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Basic Education


Accessible, good quality education is crucial in fighting poverty effectively. It reduces the risk of social exclusion, enables people to develop, earn an income, gain control over their lives and take part in society. Good education promotes social and economic development in a country. For this reason, education is at the centre of Dutch development co-operation policy.

The Netherlands supports developing countries that develop and implement, preferably  sector-wide, education plans. We co-operate with other countries, international organisations and civil society organisations in the Netherlands and abroad. The common goal is to ensure that by 2015, children everywhere, boys and girls alike, are able to attend and complete their schooling, and to eliminate gender disparities in primary and secondary education.

The Dutch education budget is growing. As from 2007, 15% of the total development budget will be spent on basic education in developing countries. The money will mainly be spent on improving access to and the quality of basic education, on promoting literacy and on basic vocational training.

In Bangladesh, the Netherlands supports formal and non-formal basic education programmes. The budget for education in 2007 will  be 28 million.

The Netherlands supports the Government of Bangladesh second Primary Education Development Programme (PEDP II, 2004-2009): a comprehensive programme of support for formal primary education. The programme focuses on (i) organizational development and capacity building, (ii) quality improvements in schools and classrooms, (iii) infrastructure development, and (iv) equitable access. A consortium of 11 development partners supports this programme. The Netherlands contribution to this programme is 45 million. The programme effectively started in July 2004. A Mid Term Review is scheduled for October 2007. This will be a major stocktaking exercise for the programme.

In non formal education, The Netherlands supports various activities. The biggest share of the Dutch contribution to non formal education goes to the BRAC Education Programme (BEP). Apart from one classroom primary education, BRACs Education Programme also covers pre-primary education, which prepares young children for the primary education system. This is an area where the Government and the NGOs co-operate. The programme furthermore includes an adolescent development programme focussing on life skills for adolescents. The BRAC Education Programme started in July 2004 and will continue until June 2009. A consortium of 5 development partners supports the programme. The Netherlands currently holds the chair of the consortium. The Netherlands contribution to this programme is currently 50 million.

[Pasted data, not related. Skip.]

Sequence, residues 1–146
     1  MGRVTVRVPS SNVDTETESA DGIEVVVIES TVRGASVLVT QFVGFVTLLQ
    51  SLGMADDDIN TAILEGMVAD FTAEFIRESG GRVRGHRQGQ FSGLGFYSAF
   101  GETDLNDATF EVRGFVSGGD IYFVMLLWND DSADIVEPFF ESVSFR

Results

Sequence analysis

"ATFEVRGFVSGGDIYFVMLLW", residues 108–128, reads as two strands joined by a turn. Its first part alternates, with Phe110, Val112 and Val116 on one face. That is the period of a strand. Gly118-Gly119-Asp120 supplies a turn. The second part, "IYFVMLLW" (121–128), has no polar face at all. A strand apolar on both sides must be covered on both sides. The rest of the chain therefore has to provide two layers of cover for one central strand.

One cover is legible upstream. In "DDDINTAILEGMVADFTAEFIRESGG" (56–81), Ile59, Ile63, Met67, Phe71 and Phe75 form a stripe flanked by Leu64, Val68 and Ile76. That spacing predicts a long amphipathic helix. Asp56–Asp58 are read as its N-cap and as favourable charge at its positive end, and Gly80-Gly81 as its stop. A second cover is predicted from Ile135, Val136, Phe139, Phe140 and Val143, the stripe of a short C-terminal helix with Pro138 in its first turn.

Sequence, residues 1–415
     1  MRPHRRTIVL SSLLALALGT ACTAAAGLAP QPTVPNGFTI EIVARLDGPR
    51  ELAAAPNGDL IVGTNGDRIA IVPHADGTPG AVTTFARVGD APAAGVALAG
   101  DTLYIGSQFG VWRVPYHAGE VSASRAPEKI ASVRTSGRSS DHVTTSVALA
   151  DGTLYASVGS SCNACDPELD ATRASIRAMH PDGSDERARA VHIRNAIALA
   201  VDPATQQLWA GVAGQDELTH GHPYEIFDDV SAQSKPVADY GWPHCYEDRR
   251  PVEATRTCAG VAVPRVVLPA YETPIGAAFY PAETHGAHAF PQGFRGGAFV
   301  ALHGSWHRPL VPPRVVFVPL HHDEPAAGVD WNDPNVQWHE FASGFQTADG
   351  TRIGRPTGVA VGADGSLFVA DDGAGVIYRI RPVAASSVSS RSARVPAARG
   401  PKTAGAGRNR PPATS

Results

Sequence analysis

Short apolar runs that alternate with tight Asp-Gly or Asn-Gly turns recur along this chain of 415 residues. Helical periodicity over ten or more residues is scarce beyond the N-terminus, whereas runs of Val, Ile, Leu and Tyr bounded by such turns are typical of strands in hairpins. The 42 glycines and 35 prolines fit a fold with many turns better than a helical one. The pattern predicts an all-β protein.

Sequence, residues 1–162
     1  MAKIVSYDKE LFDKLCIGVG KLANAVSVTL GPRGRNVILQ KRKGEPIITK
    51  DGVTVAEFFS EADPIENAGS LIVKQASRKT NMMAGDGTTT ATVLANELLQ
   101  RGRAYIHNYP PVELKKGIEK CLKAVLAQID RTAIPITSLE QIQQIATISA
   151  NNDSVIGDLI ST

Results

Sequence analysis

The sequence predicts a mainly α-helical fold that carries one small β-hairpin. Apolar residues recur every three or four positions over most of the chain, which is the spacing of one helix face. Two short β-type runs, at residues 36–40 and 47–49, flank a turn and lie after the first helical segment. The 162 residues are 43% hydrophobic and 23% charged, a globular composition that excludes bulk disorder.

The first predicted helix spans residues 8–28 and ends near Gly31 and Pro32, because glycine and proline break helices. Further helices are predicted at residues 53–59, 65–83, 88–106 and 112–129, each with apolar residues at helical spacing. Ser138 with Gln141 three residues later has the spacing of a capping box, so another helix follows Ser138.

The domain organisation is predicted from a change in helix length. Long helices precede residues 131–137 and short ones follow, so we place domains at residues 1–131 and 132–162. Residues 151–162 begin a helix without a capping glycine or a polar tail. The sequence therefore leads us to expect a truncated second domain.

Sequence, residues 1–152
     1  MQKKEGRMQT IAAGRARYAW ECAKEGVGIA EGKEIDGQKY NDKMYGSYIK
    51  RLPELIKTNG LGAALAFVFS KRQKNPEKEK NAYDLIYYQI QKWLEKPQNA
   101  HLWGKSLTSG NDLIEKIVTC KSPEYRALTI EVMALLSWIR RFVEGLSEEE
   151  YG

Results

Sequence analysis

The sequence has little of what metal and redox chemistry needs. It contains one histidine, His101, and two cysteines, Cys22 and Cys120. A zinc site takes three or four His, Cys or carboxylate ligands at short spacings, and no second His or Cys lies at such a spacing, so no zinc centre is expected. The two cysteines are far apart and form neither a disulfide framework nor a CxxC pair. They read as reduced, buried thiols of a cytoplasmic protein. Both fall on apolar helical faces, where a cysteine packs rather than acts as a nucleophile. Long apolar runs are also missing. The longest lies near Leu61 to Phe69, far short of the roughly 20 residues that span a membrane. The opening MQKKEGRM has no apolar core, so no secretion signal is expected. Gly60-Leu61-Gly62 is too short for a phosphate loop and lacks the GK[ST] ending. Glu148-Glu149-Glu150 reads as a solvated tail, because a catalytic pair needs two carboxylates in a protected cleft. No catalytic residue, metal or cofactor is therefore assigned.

The Netherlands furthermore supports the Campaign for Popular Education (CAMPE), a coalition of more than 450 education NGOs. CAMPE promotes Education for All through advocacy, social mobilization, and by enabling NGOs to deliver their non formal education programmes. CAMPE works with the Government, civil society and member NGOs. The Netherlands Embassy, together with Swiss Development Cooperation and Oxfam Netherlands, supports CAMPEs Quality Education for All Programme (2007-2012). The Dutch contribution to this programme is 2.290.000.


The Netherlands also supports the Institute for Educational Development of BRAC University. Dutch support to BU-IED involves an amount of 580.000 for an initial period of two years. This support enables BU-IED to carry out its core activities in the field of primary and secondary education, with a focus on improving learning outcomes, teacher development and education research. The programme is co-funded by The Royal Norwegian Embassy and Swiss Development Cooperation (SDC).


The Netherlands education programme also provides support to the ILO project to the Time Bound Programme for prevention and elimination of Worst Forms of Child Labour (WFCL) in the urban informal economy of Dhaka. This programme withdraws children from hazardous working conditions and provides their guardians with viable alternatives. Major project strategies are social protection of the children and their guardians, monitoring, verification and tracking of this group of children, advocacy and awareness on WFCL, and capacity building of beneficiaries, partners and stakeholders. Non-formal education and skills training are key activities of the project. The Dutch contribution to the five year programme (2007-2011) is 8.3 million.

The Netherlands is an active member of the Education Local Consultative Group (ELCG), a forum of development partners in the area of education in Bangladesh. The ELCG serves as a platform for exchange of information and policy dialogue.

The Embassy of the Kingdom of the Netherlands is also the focal point in Bangladesh for the Netherlands Fellowships Programme (NFP). Mid-career professionals who are interested in further training can apply for fellowships for a large variety of courses in the Netherlands. The NFP focuses on meeting the need for further training in the short term, and on capacity building in a wide range of government, private and non-governmental organisations.


The Education and Development Division of the Netherlands Ministry of Foreign Affairs supports a programme for South-South co-operation in higher education (called SII), which is also open to international/regional organisations based in Bangladesh. More information on this programme can be found on SII

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